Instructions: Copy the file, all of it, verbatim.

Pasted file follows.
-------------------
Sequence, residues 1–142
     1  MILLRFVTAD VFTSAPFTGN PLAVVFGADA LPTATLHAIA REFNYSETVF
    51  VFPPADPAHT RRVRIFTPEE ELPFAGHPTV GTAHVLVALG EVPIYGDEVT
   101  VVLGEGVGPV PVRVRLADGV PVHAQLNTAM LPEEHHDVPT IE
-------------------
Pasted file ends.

Sequence, residues 1–142
     1  MILLRFVTAD VFTSAPFTGN PLAVVFGADA LPTATLHAIA REFNYSETVF
    51  VFPPADPAHT RRVRIFTPEE ELPFAGHPTV GTAHVLVALG EVPIYGDEVT
   101  VVLGEGVGPV PVRVRLADGV PVHAQLNTAM LPEEHHDVPT IE